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Depicting communities of Romani studies: on the who, when and where of Roma related scientific publications


Contemporary research on Roma from diverse disciplines has grown strongly during the last years. This is the first bibliometric study on the field of Romani studies considering the period 1997–2018 with the aims of mapping scholar’s disciplines and analyzing localization and their thematic contributions. The world evolution of Roma research topics and their citation impacts has been analyzed using a Network Analysis approach. The Scopus database was used to retrieve bibliographic records on Gypsy and Roma research. The bibliometric analysis of scholarly endeavour identifies three principal clusters: ‘History and Culture’, ‘Education’, and ‘Discrimination and Policy’. Results shows that scholars became more attentive to Roma issues as it became an important topic in public debate. Informed by this analysis, questions are raised about how to strengthen connectivity, collaborative research and knowledge exchange beyond national and disciplinary borders. In the term citation map among the most followed themes by number of normalized average quotations, the topics of ‘Discrimination and Policy’ analysis undeniably emerges. In the current historical moment characterised by rising ethno-nationalism and racism we intend that this paper informs further research that will deepen our understanding of the contributions of different social science disciplines with regards to epistemology, methodology and impact.

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  1. “The term “Roma” is used – similarly to other political documents of the European Parliament and the European Council – as an umbrella which includes groups of people who have more or less similar cultural characteristics, such as Sinti, Travellers, Kalé, Gens du voyage, etc. whether sedentary or not; around 80% of Roma are estimated to be sedentary (SEC(2010)400)”. Brussels, COM(2011) 173/4. EU Framework for National Roma Integration Strategies up to 2020.

  2. “Council of Europe Descriptive Glossary of terms relating to Roma issues” - version dated 18 May 2012.

  3. It should be noted in some countries the term “Gypsy” has no negative connotations and could be occasionally more appropriate (as the word “Tsigane” in France).

  4. The Alliance against Antigypsyism (2016, p. 6) highlights: “The term antigypsyism—in citing the majority’s projections of an imagined out-group of ‘gypsies’ which simultaneously constructs an imagined in-group—is analytically more accurate and makes clear that other groups—Sinti, Travellers, Manouches, Egyptians—are equally affected”.

  5. The authors collected a first database with the keyword of Traveller as well as Gypsy and Roma. However, as it was not suitable with the purpose of the NA, this larger database was collected and used for the analysis.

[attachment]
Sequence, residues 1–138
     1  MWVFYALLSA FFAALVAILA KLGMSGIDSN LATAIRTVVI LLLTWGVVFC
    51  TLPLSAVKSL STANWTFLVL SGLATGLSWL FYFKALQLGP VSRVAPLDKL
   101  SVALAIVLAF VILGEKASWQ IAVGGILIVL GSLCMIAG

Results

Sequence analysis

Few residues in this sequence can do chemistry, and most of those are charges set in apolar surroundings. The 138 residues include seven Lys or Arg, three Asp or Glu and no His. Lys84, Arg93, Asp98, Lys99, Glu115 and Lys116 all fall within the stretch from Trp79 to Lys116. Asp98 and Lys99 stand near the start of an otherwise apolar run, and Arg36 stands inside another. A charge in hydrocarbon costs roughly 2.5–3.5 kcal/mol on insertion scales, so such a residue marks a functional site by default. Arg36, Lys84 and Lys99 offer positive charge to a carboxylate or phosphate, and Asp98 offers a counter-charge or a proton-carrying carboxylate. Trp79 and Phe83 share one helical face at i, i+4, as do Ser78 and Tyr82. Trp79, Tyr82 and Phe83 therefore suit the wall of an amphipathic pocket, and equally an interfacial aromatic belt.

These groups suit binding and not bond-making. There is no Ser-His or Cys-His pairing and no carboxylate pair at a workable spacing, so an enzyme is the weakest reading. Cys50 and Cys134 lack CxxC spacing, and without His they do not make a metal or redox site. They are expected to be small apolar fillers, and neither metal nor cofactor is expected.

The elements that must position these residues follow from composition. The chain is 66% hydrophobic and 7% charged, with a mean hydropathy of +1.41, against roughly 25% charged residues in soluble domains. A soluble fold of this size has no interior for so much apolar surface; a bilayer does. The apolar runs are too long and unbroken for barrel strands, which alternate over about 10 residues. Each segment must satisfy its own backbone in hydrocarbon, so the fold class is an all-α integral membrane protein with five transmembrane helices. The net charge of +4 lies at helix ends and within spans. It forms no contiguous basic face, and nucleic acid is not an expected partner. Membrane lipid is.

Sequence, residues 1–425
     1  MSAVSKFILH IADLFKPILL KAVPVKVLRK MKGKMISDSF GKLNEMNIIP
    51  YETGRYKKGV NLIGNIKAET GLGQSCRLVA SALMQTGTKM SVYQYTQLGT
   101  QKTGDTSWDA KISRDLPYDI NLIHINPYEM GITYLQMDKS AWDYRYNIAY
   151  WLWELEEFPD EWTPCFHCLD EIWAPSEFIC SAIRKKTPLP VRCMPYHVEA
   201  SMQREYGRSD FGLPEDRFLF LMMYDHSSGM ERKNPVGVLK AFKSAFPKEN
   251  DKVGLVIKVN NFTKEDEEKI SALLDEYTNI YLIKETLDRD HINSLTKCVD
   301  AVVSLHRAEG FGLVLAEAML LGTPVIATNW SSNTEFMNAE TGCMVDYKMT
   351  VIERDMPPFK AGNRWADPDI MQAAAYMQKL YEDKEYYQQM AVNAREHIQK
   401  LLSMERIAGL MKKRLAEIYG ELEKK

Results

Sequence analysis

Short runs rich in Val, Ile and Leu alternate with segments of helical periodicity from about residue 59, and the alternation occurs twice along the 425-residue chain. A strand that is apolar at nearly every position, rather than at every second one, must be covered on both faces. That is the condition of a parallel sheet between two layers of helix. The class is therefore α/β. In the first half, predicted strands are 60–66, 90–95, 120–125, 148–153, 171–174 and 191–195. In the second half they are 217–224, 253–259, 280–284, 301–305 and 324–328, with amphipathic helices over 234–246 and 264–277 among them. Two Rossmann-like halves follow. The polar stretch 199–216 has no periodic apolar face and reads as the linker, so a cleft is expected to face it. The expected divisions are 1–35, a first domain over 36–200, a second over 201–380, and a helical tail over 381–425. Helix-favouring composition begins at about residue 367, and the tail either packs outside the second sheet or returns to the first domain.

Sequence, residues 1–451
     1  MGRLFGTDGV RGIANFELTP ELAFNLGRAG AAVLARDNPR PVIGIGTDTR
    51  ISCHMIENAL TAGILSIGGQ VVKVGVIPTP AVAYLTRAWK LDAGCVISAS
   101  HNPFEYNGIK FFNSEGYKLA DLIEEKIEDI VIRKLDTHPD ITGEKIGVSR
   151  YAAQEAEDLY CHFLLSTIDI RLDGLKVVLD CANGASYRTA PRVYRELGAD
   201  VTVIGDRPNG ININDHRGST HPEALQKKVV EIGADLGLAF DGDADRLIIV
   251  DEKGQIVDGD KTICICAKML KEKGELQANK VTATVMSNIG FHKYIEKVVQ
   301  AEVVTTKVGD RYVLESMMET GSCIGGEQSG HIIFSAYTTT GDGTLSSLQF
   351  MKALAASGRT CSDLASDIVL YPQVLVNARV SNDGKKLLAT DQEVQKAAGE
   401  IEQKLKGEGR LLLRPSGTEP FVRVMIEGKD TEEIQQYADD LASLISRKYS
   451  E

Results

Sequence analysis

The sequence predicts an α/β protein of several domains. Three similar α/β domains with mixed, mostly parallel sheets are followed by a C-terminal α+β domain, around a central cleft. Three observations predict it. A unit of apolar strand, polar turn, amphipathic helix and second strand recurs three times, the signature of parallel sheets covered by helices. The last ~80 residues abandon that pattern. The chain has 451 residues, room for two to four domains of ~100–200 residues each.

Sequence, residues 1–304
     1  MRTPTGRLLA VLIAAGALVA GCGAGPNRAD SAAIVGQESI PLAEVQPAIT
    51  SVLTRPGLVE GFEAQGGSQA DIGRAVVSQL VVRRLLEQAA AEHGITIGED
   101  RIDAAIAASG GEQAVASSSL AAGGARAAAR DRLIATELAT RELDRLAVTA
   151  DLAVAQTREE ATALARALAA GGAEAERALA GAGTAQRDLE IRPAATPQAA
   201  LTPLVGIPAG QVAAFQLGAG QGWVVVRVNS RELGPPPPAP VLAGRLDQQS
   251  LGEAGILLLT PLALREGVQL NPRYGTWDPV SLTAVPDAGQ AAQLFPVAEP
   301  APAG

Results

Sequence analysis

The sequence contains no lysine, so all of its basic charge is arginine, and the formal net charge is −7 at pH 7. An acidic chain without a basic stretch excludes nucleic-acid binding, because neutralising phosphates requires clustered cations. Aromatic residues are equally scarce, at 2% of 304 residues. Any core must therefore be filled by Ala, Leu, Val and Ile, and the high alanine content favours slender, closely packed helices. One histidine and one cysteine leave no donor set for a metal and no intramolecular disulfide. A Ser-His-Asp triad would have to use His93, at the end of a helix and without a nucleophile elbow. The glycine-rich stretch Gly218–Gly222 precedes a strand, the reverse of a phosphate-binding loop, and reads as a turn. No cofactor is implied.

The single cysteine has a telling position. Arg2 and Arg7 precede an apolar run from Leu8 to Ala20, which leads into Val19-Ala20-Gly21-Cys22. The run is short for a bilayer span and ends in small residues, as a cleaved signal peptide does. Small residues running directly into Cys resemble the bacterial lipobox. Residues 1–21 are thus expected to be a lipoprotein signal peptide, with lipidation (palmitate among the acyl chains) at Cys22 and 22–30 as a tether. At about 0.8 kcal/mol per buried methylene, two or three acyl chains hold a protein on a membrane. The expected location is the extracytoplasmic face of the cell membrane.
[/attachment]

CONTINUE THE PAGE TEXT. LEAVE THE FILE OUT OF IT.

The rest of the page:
6. The second thematic report of the UN Special Rapporteur on contemporary forms of racism, racial discrimination, xenophobia and related intolerance mapped how resurgent ethno-nationalist populism undermines racial equality globally The European network of equality bodies, Equinet, and the National Office against Racism recognized the rise of populism and nationalism and the associated risks to equality, by co-organizing a seminar to strategize on this challenge, which informed the publication ‘Not on Our Watch! Developing Strategies to Combat Hate Speech. A Guide for National Equality Bodies’, which was co-funded by the Rights, Equality and Citizenship Programme of the European Union

  7. Considering the total amount of the estimated Roma attendance in Europe, U.K. is at the 11th (source: Council of Europe, 2012. Turkey, Russia and Serbia are included); the average estimate as a % of total population is 0.36%.


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Vanessa Ioannoni and Iris Elliott are members of the Equality Data Sub-Group of the European Commission’s High Level Group on Non-Discrimination, Equality and Diversity. Tommaso Vitale is engaged in the French ANR research program MARG-IN (project number ANR-15-CE28-0006): MARGinalisation/INclusion. Mid and long term effects of the policies aiming at managing poverty on target populations: the case of the people called Roma in Western European cities.

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Ioannoni, V., Vitale, T., Costa, C. et al. Depicting communities of Romani studies: on the who, when and where of Roma related scientific publications. Scientometrics 122, 1473–1490 (2020).

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  • Roma
  • Bibliometric network analysis
  • Discrimination
  • Policy
  • Education